We here at The Great Revolutionary have kept a very close watch over the events surrounding the upheaval in the city of Kiev, the capital of Ukraine. Over the past 3 months opposition leaders and protesters had taken to the central square in Kiev also known as the “Maidan” to organize anti-government rallies, and had in the process created what was called by many sources a “city within a city”. This lead to bloodshed as government forces clashed with a militant style movement called the “Right Sector” which lead to about 100 deaths and over 500 injured with the eventual ousting of the democratically elected president of Ukraine Victor Yanakovich by force. It is important to understand that the narrative about the sequence of events, who shot first, and who was justified in whatever actions they took is up to interpretation, as it is difficult at this time to really understand unfolding and past events.
Over the past few months I have had the privilege to speak with a resident of the Western part of Ukraine, a person who is politically affluent and introduced me to the ‘Right Sectors’ own online page on a Russian social website akin to facebook. You can see the page itself here (may have been removed). It is useful to understand that in some cases I am using the ‘Right Sectors’ own material to help paint the picture of the events in Ukraine as well as other first-person references/sources.
Dialogue In The Heat Of Battle
I’d like to write a little bit about my conversation with my contact in Western Ukraine, who happens to be a supporter of the ‘Right Sector’ as most Western Ukrainians are. Below are a few snippets from our conversation translated from Russian into English. For easier reading I will name my contact “Ivan”.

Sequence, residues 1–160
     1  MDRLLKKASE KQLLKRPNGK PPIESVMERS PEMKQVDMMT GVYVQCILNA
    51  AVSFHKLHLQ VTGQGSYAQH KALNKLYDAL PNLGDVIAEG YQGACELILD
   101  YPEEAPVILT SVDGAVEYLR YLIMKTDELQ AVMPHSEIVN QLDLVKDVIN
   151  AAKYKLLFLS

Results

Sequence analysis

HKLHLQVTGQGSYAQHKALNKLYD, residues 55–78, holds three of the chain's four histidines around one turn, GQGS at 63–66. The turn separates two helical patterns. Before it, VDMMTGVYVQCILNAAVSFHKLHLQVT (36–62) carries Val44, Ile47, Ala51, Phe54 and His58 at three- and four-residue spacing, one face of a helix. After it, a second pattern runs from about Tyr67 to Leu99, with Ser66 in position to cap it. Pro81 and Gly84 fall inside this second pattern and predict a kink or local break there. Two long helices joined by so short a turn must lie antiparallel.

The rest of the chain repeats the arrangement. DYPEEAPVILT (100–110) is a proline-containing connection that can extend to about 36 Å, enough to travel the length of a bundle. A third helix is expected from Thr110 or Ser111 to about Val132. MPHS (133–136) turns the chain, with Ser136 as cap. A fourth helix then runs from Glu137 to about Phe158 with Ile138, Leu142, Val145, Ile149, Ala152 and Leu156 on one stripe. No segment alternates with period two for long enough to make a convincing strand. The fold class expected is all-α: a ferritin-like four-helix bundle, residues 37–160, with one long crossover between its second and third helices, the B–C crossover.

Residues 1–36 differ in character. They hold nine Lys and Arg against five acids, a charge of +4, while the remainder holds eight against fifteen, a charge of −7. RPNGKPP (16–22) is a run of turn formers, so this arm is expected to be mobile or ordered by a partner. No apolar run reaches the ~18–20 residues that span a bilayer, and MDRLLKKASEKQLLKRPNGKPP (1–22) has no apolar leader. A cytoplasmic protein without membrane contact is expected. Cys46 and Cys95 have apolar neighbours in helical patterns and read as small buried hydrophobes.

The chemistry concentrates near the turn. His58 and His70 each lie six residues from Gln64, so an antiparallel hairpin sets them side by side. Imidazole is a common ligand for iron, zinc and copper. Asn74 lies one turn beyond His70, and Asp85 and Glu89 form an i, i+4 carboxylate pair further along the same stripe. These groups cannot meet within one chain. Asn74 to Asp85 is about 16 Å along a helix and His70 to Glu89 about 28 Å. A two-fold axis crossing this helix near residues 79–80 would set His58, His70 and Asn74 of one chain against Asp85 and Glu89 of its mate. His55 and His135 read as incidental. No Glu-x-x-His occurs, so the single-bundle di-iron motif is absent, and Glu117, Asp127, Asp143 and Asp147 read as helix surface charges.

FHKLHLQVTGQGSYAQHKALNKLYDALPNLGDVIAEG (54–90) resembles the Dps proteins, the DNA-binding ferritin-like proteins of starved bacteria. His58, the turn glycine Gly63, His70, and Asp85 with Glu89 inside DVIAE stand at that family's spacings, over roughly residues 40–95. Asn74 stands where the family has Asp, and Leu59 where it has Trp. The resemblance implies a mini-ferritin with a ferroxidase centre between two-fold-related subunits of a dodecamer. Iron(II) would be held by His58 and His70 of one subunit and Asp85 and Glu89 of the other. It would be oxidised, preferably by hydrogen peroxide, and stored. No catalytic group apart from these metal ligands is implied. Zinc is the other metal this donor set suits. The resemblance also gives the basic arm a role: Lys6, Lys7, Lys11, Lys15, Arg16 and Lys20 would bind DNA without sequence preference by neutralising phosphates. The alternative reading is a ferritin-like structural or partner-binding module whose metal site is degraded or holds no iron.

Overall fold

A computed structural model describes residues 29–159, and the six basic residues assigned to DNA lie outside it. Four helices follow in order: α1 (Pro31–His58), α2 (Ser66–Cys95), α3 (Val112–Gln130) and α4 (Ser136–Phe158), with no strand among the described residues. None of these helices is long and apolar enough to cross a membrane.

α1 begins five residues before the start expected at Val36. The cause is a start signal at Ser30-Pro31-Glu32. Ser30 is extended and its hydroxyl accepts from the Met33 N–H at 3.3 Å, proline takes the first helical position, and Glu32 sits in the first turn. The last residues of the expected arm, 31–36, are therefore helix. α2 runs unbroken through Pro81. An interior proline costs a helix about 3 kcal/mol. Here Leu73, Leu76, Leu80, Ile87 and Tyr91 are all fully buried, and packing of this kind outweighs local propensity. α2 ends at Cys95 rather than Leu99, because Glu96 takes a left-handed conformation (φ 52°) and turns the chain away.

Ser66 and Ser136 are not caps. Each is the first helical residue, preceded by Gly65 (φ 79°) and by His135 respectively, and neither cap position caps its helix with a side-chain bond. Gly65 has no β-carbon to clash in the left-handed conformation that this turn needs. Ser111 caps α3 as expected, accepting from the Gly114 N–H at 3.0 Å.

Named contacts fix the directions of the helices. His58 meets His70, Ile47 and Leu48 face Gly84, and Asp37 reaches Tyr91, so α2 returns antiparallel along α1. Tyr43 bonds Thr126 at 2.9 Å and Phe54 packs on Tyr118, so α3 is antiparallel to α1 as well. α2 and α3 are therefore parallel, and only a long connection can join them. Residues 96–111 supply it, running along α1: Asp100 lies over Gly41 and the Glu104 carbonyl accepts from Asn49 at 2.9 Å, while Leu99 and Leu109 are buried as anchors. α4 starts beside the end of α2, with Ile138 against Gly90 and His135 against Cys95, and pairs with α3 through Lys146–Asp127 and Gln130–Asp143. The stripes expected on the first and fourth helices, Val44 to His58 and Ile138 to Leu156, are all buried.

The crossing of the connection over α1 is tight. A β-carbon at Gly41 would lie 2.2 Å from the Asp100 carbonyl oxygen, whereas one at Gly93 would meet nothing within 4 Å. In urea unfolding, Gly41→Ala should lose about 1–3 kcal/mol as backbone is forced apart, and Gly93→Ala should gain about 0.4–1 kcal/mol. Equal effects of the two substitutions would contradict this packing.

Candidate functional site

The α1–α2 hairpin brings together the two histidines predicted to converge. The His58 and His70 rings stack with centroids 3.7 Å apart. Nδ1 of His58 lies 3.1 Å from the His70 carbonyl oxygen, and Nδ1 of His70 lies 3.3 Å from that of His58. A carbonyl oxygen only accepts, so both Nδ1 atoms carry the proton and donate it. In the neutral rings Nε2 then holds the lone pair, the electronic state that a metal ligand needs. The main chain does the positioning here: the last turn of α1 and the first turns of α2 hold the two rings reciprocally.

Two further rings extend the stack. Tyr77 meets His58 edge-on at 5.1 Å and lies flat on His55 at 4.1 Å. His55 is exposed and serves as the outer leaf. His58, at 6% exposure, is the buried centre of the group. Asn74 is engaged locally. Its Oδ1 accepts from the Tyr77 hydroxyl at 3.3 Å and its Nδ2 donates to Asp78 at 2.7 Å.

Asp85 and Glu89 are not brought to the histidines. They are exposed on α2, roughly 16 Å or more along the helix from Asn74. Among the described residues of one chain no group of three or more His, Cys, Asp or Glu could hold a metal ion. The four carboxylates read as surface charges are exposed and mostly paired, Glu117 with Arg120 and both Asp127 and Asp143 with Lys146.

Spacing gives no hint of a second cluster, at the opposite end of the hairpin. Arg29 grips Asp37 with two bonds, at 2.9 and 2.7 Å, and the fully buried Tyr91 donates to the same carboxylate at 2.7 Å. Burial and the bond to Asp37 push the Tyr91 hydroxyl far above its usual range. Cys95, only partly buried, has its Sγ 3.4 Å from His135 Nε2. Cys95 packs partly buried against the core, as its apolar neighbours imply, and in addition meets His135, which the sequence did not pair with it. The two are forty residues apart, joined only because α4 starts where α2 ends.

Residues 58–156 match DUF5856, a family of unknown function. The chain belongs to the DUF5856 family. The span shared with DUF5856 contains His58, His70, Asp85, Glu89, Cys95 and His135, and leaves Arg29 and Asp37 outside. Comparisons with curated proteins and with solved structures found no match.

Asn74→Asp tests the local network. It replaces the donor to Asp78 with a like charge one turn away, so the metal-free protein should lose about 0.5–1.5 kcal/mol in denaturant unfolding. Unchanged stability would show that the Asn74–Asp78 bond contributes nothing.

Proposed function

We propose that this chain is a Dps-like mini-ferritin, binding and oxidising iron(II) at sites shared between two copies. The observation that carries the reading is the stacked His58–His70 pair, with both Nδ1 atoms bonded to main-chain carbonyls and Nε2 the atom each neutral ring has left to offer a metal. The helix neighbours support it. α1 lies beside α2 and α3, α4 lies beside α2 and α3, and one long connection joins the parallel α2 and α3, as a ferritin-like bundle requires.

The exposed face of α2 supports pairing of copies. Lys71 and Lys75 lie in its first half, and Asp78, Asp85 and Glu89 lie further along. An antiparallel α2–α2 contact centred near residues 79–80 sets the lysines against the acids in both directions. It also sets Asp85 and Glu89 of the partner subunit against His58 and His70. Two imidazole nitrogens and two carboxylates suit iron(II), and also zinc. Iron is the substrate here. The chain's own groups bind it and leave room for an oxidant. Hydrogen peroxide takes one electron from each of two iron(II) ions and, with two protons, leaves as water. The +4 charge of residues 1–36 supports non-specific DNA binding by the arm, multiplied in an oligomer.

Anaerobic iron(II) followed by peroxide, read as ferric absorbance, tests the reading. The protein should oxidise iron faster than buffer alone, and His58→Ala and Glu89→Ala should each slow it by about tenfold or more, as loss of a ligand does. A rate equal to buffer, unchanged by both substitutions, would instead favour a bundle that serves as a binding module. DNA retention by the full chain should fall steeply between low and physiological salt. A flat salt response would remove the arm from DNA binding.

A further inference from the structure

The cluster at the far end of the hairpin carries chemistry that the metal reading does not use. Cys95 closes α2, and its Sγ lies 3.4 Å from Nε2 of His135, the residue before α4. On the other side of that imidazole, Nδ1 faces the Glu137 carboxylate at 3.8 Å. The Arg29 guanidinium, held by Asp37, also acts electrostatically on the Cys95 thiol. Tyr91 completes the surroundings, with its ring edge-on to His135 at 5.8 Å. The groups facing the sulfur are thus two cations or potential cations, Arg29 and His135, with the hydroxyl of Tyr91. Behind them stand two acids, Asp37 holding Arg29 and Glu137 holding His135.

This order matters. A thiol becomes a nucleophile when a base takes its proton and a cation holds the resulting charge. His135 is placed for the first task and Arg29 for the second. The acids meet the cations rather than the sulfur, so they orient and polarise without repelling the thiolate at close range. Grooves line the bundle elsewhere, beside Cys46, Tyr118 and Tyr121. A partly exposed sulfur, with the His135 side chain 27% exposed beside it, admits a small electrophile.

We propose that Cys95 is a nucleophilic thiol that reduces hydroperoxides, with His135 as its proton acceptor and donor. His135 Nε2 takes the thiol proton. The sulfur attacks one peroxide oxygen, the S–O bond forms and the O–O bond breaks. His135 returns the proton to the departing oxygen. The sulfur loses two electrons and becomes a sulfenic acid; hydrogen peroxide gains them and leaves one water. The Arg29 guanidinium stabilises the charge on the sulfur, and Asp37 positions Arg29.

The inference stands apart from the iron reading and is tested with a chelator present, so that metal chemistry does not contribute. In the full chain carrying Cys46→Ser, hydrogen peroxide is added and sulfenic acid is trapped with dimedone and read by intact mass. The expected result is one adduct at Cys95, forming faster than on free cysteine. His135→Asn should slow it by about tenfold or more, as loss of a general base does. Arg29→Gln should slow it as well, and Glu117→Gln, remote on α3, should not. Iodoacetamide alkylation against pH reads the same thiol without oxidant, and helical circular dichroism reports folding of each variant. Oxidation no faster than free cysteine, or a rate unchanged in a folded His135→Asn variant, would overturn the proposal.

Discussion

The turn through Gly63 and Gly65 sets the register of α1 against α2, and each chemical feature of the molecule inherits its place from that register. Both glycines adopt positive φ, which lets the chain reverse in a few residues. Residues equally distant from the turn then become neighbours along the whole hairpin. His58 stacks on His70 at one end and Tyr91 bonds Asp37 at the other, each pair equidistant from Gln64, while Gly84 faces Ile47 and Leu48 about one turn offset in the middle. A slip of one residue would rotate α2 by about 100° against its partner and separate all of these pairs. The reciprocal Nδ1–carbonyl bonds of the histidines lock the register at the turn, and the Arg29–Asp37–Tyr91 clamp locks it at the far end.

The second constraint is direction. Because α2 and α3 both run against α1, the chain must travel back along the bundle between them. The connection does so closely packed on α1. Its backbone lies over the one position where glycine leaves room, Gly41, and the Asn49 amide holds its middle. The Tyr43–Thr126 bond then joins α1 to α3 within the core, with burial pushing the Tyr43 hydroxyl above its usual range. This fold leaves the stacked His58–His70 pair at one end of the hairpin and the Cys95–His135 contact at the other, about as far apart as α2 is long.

Before Yanakovich was overthrown:
Ivan: The phones are being listened on. This is not a protest, this is a war. It is scary what’s happening their, but also a lot of pride for my nation.
Me: This is in Kiev?
Me: Do you think war is unavoidable?
Ivan: There is no way back. If we stop at this point all of us will either be in jail or killed.
Me: Is it impossible to negotiate and make a deal?
Ivan: These are not people who you make deals with (talking about the government).
Me: Who’s in charge? Klichko?
Ivan: The people. The opposition also cannot be trusted….Klichko does not control the opposition. Simply put there are nationalists who have joined up with Right Sector in the ‘Maidan’ (central square in Kiev). And they are not controlled by the opposition. They act. If it was not for them the protests would have been dismantled already and students with pensioners would have been simply beat up. They have become a living shield and go on the attack. The result – we have 20 thousand people in the barricades to whom the fate of the country is important. People who are ready to give up their lives for a brighter future.
Me: These are some frightening events, seems like real unrest.
Ivan: It’s frightening to bury people. But this unrest is better than the previous rest.
Me: What do you think? Who is the East and South supporting?
Ivan: They normal people too.
Me: I’m afraid the country can drift into civil war, what’s your take on this?
Ivan: There are zombinized people. They are speaking about things which are getting pretty unsettling. But I don’t think it will happen [civil war], however, anything is possible.
Me: I remember very peaceful and kind people during my time in your city. Tell me, honestly, is there propaganda against Russians?
Ivan: No. People are spreading rumors, but think who will benefit from it?
Me: I think a group like ‘Right Sector’ would be against Russians. Do you align yourself with Europe personally?
Ivan: Personally I am for Ukraine. I don’t want the European Union or anywhere else.
Me: What about your city [Western Ukraine], is there peace now?
Ivan: It’s relatively peaceful. People with automatic weapons roam the streets.
Me: Sounds pretty tense. Who is carrying gun’s in the streets? The police or just people?
Ivan: The Right Sector.
Me: What about the police or local government authorities?
Ivan: They probably still have hang guns and what not.
Me: I’m confused, why would people still walk the streets with guns like that then?
Ivan: To show off.